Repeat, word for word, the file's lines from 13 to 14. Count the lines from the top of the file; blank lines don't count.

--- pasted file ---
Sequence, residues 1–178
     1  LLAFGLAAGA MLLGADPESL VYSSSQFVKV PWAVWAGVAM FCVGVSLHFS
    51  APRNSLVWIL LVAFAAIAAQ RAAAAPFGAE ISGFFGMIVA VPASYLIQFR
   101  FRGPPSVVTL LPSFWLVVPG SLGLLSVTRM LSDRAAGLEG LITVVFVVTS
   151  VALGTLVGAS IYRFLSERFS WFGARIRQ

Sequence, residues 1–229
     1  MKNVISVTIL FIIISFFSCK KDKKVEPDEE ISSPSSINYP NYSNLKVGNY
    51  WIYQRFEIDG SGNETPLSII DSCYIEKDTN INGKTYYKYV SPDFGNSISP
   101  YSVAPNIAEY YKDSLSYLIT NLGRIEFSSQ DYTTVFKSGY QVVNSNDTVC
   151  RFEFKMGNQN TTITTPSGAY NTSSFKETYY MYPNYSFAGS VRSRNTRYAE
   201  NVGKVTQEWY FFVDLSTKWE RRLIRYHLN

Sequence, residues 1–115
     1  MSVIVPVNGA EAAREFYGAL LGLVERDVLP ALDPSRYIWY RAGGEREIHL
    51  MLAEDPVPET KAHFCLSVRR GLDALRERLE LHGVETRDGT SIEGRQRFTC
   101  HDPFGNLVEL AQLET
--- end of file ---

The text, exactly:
     1  MSVIVPVNGA EAAREFYGAL LGLVERDVLP ALDPSRYIWY RAGGEREIHL
    51  MLAEDPVPET KAHFCLSVRR GLDALRERLE LHGVETRDGT SIEGRQRFTC